Bitcoin Drops Below $50,000 Amidst Rising U.S Tax Worries, Ether Follows
Bitcoin has fallen beneath the $50,000 psychological support line hitting its lowest point in 48 days.
Bitcoin (BTC) is currently exchanging hands at $49,254.83 as of 10.00 A.M East African Time, a 9% drop over the last 24 hours.
“On-chain data suggests we’re still in a long-term bull market in the short-term, we might have a correction and going sideways in a broad range since the market is over-heated among retail investors.” Ki Young Ju, CEO, South Korea-based blockchain analytics firm CryptoQuant.
Volatile performance of Bitcoin and Ether
The drop in cryptocurrencies comes after U.S. President Joe Biden announced plans to raise capital gains taxes to curb investment in digital assets.
On Thursday, U.S. President Joe Biden unveiled a raft of proposed changes to the U.S. tax code, including a plan to nearly double taxes on capital gains to 39.6% for people earning more than $1 million.
However, despite the decline, analyst believe the slump in cryptocurrencies is only temporary.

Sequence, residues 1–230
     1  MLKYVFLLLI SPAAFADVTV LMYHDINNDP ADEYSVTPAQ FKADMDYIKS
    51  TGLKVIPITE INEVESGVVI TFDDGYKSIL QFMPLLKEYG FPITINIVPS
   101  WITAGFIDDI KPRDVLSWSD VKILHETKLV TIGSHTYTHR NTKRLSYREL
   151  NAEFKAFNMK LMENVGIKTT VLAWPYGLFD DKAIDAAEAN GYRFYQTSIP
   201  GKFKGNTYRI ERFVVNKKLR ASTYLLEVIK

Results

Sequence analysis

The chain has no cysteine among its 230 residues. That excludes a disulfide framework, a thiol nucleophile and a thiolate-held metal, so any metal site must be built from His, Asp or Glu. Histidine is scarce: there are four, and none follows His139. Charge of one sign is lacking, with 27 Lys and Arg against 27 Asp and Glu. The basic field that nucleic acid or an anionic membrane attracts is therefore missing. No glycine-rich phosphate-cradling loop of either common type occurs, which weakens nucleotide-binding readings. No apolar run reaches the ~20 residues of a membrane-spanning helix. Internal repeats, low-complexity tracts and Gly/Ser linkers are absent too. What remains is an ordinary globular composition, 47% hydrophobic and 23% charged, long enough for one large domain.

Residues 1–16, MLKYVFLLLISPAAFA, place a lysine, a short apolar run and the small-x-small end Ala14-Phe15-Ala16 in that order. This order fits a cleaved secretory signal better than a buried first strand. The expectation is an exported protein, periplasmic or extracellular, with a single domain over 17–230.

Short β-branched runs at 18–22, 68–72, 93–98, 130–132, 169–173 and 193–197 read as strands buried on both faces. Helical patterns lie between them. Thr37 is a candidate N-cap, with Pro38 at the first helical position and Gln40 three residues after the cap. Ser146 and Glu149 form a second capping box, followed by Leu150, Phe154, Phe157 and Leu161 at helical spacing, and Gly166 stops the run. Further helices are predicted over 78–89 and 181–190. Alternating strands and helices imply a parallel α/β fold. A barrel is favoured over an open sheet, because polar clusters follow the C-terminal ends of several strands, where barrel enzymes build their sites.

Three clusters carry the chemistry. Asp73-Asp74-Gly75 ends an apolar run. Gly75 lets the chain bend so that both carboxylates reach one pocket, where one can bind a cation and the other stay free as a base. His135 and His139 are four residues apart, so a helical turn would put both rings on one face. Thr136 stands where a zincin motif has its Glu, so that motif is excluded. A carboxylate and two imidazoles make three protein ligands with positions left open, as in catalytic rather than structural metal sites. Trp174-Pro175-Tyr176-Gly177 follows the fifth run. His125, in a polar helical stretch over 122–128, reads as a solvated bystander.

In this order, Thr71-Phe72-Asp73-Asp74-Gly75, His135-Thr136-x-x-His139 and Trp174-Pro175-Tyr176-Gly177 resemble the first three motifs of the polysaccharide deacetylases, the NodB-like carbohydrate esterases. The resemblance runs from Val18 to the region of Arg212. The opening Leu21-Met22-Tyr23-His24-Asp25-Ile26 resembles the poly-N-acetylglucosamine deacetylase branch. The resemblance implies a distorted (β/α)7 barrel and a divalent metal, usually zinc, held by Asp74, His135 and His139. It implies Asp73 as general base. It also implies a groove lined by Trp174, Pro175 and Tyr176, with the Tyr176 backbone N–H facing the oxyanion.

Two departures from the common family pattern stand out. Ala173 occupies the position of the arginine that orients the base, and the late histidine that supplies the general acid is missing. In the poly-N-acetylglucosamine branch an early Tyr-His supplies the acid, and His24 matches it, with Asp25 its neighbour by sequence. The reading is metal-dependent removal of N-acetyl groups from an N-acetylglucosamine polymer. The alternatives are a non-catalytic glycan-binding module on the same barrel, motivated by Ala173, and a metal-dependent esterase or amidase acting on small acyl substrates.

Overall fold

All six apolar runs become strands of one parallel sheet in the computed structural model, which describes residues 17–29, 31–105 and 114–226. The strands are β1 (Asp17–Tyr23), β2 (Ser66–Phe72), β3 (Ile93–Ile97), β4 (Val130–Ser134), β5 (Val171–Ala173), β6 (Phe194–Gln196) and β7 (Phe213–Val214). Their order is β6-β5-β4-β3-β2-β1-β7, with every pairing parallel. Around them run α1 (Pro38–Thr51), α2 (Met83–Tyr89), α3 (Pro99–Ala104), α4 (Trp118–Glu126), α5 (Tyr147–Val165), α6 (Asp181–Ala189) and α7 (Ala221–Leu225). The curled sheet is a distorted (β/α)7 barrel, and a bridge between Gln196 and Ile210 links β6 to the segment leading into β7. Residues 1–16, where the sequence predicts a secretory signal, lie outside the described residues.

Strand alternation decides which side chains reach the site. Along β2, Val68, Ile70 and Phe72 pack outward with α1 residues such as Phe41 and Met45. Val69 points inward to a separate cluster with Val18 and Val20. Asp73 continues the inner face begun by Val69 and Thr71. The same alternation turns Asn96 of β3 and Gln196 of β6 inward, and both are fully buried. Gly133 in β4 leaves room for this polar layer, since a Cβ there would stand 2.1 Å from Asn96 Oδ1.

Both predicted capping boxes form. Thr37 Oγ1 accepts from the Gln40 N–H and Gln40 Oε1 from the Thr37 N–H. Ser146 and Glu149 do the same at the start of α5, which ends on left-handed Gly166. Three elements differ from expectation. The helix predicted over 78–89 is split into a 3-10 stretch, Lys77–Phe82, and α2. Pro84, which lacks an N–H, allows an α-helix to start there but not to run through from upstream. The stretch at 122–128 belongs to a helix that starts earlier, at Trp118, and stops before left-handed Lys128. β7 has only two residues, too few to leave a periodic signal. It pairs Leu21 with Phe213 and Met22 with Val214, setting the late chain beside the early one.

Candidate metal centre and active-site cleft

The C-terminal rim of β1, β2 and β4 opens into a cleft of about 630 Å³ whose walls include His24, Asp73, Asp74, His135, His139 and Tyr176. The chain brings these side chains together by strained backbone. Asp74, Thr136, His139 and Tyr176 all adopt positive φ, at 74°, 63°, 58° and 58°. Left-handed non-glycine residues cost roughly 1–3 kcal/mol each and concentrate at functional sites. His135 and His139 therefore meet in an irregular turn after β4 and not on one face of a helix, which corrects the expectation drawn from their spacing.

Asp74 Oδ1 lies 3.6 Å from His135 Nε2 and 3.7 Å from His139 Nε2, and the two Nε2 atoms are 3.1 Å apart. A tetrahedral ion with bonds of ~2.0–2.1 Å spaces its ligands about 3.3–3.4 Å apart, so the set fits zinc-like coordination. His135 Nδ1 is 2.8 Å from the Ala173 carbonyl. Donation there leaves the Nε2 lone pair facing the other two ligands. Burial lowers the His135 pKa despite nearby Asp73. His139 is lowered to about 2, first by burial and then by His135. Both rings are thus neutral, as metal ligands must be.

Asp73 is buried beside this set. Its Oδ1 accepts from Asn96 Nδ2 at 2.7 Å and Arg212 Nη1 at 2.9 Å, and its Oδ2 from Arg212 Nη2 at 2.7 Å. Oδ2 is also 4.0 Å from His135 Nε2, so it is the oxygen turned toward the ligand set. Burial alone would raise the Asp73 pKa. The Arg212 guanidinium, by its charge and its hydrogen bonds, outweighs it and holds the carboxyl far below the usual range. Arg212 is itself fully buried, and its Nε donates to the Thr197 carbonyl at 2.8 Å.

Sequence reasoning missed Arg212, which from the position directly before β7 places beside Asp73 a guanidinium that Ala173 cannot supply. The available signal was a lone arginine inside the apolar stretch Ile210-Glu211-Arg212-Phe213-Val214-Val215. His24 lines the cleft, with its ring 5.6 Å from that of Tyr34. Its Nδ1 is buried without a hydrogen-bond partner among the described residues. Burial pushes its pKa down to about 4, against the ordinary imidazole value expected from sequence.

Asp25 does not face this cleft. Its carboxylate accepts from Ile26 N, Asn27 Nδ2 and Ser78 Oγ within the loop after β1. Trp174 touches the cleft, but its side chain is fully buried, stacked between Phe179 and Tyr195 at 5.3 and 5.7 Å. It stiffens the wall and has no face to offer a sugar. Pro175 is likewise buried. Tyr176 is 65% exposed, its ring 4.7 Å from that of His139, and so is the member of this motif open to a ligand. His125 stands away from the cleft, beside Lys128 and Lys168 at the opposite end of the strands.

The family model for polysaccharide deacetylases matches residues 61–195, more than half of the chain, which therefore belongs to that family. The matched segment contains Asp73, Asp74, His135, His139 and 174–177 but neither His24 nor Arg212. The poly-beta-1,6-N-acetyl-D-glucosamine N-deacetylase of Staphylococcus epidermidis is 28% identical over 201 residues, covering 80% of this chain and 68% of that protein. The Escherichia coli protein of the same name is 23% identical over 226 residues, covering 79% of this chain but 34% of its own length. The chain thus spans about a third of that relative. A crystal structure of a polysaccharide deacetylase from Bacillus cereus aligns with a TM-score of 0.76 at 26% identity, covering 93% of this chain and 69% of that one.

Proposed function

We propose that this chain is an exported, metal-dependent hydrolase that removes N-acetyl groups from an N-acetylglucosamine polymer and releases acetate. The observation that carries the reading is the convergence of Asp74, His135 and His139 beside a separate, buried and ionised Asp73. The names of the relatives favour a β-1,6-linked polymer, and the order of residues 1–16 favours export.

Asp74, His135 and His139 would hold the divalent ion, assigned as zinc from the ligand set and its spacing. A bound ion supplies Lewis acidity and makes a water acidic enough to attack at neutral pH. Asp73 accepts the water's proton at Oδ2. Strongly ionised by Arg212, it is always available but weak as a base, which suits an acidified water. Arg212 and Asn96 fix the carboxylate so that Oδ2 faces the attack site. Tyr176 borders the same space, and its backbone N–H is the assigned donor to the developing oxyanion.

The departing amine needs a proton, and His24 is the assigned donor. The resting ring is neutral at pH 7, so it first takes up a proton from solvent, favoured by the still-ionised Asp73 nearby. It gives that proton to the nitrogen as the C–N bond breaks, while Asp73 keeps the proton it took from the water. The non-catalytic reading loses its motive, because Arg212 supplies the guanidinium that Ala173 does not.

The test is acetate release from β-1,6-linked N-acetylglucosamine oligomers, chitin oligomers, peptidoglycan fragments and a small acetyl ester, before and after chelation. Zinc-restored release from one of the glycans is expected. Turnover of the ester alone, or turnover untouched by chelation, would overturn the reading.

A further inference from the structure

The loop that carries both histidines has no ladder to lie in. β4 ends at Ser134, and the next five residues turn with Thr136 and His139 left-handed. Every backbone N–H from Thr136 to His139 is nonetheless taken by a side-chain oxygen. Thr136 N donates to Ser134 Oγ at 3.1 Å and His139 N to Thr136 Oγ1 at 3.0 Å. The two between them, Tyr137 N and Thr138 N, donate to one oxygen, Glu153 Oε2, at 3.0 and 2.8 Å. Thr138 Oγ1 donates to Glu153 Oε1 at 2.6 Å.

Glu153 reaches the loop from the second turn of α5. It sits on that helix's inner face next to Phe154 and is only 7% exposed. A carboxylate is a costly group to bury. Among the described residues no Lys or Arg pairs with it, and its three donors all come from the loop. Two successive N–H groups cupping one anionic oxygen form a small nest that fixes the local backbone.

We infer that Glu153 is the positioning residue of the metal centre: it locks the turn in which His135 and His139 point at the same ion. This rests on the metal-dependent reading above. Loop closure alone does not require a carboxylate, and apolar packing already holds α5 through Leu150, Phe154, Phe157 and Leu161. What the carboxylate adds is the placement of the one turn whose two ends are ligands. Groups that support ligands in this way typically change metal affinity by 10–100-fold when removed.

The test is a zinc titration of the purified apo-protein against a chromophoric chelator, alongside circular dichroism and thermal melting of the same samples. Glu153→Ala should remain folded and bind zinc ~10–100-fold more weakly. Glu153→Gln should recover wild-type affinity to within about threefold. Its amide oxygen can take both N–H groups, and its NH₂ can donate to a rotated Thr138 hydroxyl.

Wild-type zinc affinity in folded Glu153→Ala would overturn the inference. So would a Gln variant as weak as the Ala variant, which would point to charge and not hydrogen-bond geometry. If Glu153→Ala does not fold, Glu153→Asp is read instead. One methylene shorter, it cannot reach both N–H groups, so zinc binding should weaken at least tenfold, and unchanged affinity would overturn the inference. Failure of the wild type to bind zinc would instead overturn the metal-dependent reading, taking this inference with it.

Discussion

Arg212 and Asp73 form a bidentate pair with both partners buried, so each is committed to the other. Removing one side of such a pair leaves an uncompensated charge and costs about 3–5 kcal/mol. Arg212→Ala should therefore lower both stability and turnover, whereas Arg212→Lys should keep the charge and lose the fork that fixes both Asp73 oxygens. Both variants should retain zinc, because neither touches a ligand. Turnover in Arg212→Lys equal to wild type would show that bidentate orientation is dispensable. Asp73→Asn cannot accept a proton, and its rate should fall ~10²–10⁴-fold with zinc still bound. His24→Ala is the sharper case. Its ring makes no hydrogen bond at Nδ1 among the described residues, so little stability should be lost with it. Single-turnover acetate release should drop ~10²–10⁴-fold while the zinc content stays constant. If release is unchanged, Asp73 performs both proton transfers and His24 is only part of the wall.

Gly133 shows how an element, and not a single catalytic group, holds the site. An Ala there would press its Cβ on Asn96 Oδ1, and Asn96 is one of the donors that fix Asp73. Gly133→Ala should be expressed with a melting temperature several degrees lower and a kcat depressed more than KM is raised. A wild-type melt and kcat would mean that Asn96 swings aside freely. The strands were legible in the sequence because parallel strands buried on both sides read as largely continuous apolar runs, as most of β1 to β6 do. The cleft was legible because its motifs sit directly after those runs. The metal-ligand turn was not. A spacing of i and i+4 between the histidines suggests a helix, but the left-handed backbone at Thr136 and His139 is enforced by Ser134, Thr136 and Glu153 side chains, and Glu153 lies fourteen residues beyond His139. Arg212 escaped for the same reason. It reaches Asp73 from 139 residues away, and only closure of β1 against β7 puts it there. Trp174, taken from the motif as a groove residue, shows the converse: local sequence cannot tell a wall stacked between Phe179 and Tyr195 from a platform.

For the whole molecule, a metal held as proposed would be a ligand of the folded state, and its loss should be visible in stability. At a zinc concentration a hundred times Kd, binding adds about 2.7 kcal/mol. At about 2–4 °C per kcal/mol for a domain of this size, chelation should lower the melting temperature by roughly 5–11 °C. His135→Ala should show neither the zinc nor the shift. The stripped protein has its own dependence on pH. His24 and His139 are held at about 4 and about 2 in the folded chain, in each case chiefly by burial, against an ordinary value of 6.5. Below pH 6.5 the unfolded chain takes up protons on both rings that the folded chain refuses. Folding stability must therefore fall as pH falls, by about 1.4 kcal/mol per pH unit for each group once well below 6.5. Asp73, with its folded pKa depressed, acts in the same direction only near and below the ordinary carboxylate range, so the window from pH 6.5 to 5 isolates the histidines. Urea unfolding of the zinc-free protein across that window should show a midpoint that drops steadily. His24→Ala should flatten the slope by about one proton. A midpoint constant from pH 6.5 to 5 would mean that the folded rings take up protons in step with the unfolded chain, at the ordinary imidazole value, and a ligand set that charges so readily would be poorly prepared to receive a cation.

If Ether manages to hold above $1,955 going into the weekend, its upward trend should remain intact. The next support for Bitcoin is at $40,665, but buyers are likely to emerge before that level is reached because its decline looks overdone, according to Kelvin Wong at CMC Markets in Singapore.
However, concerns over a regulatory crackdown on bitcoin continue to cloud the market. Jesse Powell, CEO of a major cryptocurrency exchange called Kraken, warned governments could clamp down on the use of BTC and other cryptocurrencies.
India also announced plans to introduce a law to ban the trading or even ownership of cryptocurrencies. In February, U.S. Treasury Secretary Janet Yellen called bitcoin a “highly speculative asset” and said she was worried about potential losses for investors.
Authorities around the world are looking into how to regulate BTC. The Deputy Governor of the People’s Bank of China called bitcoin an “investment alternative” last week, which marked a more progressive tone on cryptocurrencies after a fierce crackdown by the country’s regulators of the industry in 2017 and 2018.